Hard packed, sun -baked dirt is of little worth
and so The Farmer uses blade to break
the ground before seeding. This way the earth
is made more receptive. He’ll also take
fertilizer and spread it on his land.
This process adds nutrients that his crop
will need. Does the soil ever demand
that the tilling and fertilizing stop?
If you have faced trials or trouble in
life, you are blessed! For these can be the hoe
and fertilizer that help you begin
to be soil in which good crops will grow
The Farmer understands that on his field,
soil quality will affect the yield.
To read all parts of this sonnet cycle (as far as completed), hover over “The Elemenent – Sonnet Cycles” at the top of the page and select “Earth”.
Sharing this at dVerse for Open Link Night
The sky was brass that year in spring, there was no rain in sight
Old Sol burned fiercely in the day, cool did not come at night
The townsfolk spoke without much hope, for there was little doubt
That with the land so parched and dry, this year would be a drought
The farmers planted, knowing that they sowed their seeds in vain
Unless things changed and changed real soon, the fields would grow no grain
Town Council rationed water, for they had to draw the line
If anybody had green grass, they’d have to pay a fine
Then fin’ly in July the clouds came, white and tow’ring high
And at the top they flattened, making anvils in the sky
The children laughed “now we’ll have rain! We know that it can’t fail”
But those who had more years said, “go inside, we’re in for hail”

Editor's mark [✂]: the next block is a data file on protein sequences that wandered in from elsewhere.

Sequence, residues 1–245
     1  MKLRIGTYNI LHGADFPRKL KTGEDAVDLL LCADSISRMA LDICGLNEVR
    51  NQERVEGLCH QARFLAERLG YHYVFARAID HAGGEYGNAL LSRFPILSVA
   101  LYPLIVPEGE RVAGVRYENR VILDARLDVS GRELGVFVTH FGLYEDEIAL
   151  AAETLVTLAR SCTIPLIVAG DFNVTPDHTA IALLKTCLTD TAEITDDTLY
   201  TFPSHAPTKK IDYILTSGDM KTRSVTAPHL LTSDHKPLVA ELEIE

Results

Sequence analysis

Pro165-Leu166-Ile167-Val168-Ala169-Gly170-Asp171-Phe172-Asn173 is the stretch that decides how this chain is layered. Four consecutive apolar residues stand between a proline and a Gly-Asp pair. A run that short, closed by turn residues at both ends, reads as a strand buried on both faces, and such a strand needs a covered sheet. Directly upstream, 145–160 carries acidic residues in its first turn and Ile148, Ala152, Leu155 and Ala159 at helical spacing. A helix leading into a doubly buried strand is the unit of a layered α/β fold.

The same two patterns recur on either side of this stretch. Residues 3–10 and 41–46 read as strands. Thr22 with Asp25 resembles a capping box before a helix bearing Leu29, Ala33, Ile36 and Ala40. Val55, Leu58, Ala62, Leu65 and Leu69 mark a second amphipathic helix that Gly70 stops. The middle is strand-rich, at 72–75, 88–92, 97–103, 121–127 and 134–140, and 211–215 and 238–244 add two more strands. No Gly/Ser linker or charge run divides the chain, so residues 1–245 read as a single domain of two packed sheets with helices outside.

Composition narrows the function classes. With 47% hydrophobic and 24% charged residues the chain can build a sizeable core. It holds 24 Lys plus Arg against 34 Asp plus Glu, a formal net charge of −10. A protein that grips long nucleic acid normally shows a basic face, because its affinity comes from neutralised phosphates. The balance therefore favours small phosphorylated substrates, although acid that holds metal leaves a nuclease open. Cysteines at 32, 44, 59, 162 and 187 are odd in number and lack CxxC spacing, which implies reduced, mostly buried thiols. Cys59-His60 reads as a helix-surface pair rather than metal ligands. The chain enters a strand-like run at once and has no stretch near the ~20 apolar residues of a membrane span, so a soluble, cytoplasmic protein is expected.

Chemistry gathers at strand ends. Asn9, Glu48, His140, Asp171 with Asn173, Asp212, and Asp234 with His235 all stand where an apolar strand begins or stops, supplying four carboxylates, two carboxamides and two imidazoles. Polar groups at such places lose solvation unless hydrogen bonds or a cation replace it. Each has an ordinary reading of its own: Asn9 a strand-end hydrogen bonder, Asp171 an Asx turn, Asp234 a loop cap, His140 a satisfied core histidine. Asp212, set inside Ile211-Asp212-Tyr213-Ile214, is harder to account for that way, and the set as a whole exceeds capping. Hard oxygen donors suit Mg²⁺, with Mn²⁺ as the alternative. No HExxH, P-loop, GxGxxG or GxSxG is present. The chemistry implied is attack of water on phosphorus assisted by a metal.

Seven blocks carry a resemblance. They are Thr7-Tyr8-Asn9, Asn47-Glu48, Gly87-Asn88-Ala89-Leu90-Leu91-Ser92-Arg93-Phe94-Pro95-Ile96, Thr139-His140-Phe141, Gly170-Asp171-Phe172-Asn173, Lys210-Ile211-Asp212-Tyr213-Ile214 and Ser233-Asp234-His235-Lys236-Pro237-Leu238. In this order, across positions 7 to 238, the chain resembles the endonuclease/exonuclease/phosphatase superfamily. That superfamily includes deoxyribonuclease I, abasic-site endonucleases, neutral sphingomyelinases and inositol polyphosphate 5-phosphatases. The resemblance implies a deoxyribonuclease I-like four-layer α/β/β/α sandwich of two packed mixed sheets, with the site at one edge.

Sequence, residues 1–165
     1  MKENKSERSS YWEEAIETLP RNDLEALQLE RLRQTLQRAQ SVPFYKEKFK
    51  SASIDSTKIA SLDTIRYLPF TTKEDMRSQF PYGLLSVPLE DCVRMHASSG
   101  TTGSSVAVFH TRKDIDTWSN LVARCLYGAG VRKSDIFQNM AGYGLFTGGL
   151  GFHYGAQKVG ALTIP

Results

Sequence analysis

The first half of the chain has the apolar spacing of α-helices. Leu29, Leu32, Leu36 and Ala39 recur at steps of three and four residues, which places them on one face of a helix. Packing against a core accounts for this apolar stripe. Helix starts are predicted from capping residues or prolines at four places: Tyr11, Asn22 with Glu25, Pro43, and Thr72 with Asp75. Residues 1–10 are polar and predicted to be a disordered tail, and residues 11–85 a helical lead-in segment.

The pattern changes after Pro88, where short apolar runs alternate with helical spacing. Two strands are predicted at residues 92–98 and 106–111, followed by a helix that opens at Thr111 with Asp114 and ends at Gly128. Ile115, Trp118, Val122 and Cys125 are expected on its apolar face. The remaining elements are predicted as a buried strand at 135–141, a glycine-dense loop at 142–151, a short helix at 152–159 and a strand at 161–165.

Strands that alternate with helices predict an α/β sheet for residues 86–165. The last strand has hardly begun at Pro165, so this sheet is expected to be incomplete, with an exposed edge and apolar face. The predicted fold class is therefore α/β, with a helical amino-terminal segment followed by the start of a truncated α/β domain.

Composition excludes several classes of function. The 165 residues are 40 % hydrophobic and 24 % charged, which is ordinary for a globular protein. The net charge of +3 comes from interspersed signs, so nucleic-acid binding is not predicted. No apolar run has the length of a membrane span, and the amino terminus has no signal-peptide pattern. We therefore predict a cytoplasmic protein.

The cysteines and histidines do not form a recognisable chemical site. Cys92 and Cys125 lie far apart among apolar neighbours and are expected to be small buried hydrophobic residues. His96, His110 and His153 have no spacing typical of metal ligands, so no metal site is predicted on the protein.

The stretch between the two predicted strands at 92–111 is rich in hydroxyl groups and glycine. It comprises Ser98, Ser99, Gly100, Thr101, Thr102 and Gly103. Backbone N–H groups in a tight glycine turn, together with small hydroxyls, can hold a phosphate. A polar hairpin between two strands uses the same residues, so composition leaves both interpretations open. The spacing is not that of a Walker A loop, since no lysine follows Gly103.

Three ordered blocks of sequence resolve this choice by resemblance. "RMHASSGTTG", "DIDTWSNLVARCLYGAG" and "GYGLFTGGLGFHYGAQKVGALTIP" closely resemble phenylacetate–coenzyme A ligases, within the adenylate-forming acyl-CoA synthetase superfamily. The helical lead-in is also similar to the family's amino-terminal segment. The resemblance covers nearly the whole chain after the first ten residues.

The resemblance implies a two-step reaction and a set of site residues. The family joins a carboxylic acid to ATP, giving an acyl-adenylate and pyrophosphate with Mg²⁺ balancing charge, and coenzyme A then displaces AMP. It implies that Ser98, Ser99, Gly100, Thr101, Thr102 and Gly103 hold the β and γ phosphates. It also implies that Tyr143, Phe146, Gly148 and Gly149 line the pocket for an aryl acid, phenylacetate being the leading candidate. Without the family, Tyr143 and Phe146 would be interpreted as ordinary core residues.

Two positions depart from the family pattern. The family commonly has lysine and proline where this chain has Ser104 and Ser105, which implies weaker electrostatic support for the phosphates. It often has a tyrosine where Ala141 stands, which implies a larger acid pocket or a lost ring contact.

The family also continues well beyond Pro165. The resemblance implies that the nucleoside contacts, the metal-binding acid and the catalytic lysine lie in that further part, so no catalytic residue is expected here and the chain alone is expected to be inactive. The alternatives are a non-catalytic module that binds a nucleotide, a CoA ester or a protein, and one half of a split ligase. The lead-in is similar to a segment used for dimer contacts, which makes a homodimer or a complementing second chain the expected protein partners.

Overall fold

The kids were right: the rains came down in buckets and in sheets
and chunks of ice like baseballs fell on houses and on streets
This rain was not the kind that folks had wanted on their ground
For though the rains had fin’ly come, now all the land was drowned.
Written for dVerse, where quatrains are being explored. I have written a poem in the style of a “fourteener”. Each quatrains follows an AABB rhyme scheme.
My pen has been silent these last few months
While I took a break from poems
Burnt out from writing, rhyming, rhythm
Even though I still feel love for poems
And now that I desire to write again
I struggle to find words for poems
I fear that I’ve misplaced my muse
Where is my inspiration for poems?
This question burns within my soul
When will it end: this drought from poems?
Sharing this with dVerse. I’ve been absent from this on-line poets’ pub for far too long.
you spoke the earth and sky in place
you spoke in place the creatures too
you spoke the fiery stars in space
you speak and you make all things new
you whisper and the mountains shake
just speak and ev’ry knee will bow
a shout from you: the earth would break
one word is all I’m asking now
at a word from you the lame can walk
at a word from you the sightless see
at a word from you the mute can talk
at a word from you the demons flee
oh Lord why don’t you hear my plea
oh Lord would you speak a word for me?
sharing with dVerse
Note: Logos is the Greek word for “Word”. In the New Testament book of John, the “Word of God” was made flesh in Jesus Christ, and thus Jesus is Logos personified.
can it still be called a sonnet if it lacks of fourteen lines, yet has one-hundred-forty syllables? And if the words fit within a prescribed rhyme scheme, so instead of counting lines, syllables were counted and then multiples of ten were all rhymed and broken into lines they amounted to Elizebethan form or they mimed the schemes of Petrarch or Spencer?
Can you call it a sonnet if it reads more like prose than poem, but it still adheres to a few of the rules? Is it a sonnet? Who knows!